Friday, February 16, 2007

Has Web 2.0 made affordances like so yesterday?--
Granted, the fact that I am 57 years old might be a contributing factor here, but I am seeing what I consider to be a disturbing trend in web design.

Editable fields look like read-only until the user mouses over them. In technical terms, the trend is to reduce the number of affordances (using visual clues to communicate that objects can be acted on) and to rely instead on applying pliancy effects (changing the appearance of objects when focus is applied) to show when actions can be taken on them.

For example, if I open a meeting notice on my Google calendar, I see what appears to be a group of read-only fields, such as "What," "When," "Where," and so forth. But if I move my mouse over any of those fields, they change appearance and background color to indicate that I can edit them.

Here is my concern: If I did not know that the "What" field (for example) could be edited, why would I move my mouse there? It seems that taking away the affordance of showing the field as editable has reduced the ability of the box to show the user how it can be used.

Is this a user assistance issue at all? I say yes because the application has lost some of its effectiveness to instruct the user what information can be edited. Is the solution to cover that in Help? (must....control....hand....of....death)

If you see this happening on your applications, fight it and point out the loss of instructional content within the UI.

4 comments:

Jeff said...

So to follow that, then clicking on a blank time slot on the calendar would never occur to the user as it has no affordance, and actually offers no change in pliancy when you mouse over it.
I agree that the affordance is not present for the user, but I may not suggest (and I don't believe you are either) having all of those fields open up in 'edit mode'. What may be more beneficial is to have a small link beside the text that says [edit] or underline the sentence so that at least the user is aware that they can do something. This would then offer the user that clue that this where the edit is engaged. And it may be more than just a text box that gets presented once 'edit' is engaged..As in the case of google calendar and repeating meetings, it opens up all of the scheduling controls, but the link they initiated it from is a summary line of the meeting time.

Mike Hughes said...

Interesting observation about the blank time slots on the calendar. I think our paper calendar metaphor is so strong that we have high expectations of being able to enter data in the blank time slots. (I had to go back and check, you're right, there isn't even any pliancy and yet I fully expected to be able to enter data upon clicking in a time slot.)In the case of clicking on an existing appointment and getting a display that seemingly contains read only fields (based upon conventions that I am used to from years of other applications) I think the affordances there would have been useful. What is the downside to providing affordances in this case? What is the advantage to not having affordances? (Not rhetorical questions; I ask in all sincerity.)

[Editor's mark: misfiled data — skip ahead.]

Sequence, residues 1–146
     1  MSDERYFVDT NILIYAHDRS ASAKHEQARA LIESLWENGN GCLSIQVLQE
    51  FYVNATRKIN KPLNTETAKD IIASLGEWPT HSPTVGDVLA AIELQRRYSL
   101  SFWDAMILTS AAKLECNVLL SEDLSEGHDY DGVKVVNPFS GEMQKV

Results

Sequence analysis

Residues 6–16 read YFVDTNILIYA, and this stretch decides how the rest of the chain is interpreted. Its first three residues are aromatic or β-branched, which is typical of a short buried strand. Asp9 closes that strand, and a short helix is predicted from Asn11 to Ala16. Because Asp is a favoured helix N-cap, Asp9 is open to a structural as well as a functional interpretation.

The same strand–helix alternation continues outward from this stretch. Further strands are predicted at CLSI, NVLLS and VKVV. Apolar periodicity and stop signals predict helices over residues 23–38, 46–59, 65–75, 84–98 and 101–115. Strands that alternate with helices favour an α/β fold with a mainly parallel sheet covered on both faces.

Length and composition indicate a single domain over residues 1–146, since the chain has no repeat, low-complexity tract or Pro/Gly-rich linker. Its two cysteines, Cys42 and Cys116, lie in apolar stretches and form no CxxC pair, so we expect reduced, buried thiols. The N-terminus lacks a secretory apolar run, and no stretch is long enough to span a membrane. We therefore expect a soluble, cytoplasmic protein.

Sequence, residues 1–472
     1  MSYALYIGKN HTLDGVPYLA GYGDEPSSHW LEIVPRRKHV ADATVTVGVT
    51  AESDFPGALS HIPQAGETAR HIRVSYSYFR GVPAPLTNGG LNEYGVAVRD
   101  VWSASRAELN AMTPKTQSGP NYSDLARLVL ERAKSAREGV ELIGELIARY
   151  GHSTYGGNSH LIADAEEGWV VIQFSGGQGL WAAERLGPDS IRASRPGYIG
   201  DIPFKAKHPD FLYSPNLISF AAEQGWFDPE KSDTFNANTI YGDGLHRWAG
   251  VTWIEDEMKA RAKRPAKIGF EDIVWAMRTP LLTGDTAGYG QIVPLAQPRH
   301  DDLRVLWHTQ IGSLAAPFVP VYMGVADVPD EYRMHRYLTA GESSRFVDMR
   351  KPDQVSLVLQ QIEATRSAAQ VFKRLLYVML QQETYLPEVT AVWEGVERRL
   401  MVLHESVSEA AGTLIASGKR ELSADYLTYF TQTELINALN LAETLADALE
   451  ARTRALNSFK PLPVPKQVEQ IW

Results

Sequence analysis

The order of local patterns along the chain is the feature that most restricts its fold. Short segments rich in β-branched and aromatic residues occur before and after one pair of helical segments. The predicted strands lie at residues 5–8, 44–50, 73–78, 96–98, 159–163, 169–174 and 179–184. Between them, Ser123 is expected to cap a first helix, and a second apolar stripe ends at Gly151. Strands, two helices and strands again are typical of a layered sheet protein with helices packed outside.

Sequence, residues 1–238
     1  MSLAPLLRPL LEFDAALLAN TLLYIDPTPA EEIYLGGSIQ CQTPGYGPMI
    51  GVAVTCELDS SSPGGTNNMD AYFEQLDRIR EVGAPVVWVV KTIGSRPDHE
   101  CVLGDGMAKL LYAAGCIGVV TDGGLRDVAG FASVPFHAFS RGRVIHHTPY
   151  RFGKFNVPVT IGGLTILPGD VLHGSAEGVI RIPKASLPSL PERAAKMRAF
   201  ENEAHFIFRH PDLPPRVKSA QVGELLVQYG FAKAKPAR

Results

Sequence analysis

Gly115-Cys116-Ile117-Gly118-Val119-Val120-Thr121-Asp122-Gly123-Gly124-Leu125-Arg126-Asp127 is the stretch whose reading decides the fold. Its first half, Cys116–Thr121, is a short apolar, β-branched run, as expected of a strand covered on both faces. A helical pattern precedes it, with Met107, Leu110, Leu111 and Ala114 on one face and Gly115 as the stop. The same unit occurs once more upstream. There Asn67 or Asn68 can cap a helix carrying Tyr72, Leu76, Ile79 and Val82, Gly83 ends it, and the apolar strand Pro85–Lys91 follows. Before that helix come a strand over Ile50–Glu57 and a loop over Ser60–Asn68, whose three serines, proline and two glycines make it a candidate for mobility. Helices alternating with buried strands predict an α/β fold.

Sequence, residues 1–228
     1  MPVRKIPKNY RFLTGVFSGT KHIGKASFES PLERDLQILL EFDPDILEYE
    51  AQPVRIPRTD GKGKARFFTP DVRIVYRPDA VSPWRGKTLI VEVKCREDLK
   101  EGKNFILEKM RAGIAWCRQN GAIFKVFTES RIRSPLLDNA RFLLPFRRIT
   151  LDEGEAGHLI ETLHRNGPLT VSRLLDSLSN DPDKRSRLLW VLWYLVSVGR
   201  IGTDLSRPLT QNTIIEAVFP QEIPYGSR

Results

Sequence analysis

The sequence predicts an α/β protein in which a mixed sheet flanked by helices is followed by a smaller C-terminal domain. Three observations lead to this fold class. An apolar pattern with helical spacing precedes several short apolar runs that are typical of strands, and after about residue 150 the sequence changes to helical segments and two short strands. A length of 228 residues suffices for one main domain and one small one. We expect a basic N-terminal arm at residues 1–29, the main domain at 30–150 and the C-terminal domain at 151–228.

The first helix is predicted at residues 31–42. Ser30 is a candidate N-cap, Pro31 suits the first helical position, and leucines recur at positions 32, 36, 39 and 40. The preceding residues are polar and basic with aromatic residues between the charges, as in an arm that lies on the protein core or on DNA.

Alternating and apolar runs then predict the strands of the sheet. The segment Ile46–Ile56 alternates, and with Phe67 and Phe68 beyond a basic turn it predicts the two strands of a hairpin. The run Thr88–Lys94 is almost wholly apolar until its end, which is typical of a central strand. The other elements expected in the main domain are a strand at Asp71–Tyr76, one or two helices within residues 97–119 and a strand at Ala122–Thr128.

Martha said...

This is really interesting to me because it touches on an area of significant personal/professional interest: how gaming user assistance metaphors will affect non-gaming applications in the future (and they will!). I believe that this particular trend – away from affordances and toward pliancy – could be a first sign of gaming’s influence on user assistance.



As a first step in my work in this area, I’ve spent a good deal of time observing tweens and teens playing games, and questioned them about how they know what to do/where to go/etc. Many times the answer is to just go click on or hover over an object. They consider this an entirely natural navigation method. Their vast experience of things that are and are not interactive gives them much better odds for choosing interactive screen elements than people who don’t play a lot of games. For this to be a useful method in non-recreational applications where time efficiency is important, we’ll need to design some way to improve users’ odds in the absence of a mental white/black list of clickable objects.

Mike Hughes said...

I'd like to try to synthesize what I've gotten from Jeff's and Martha's comments. As gamers become application users, they will fully expect to explore the UI, in fact, that will be their natural behavior. Jeff's point is that good design will probably make most objects of interest interactive in some way (e.g., to edit, dive deeper, do something with the object) therefore the user will move to the object anyway. On our work WIKI where I made a similar post, someone pointed out that a Portal probably doesn't need the unnecessay visual clutter of underlining links because the user expectation is so strong that they are links--similar to Jeff's point about not needing affordances in the calendar date slots.

I have a granddaughter on the way. I envision her sitting on my knee someday saying, "Grampa Hootie, tell me what affordances were like." [sigh]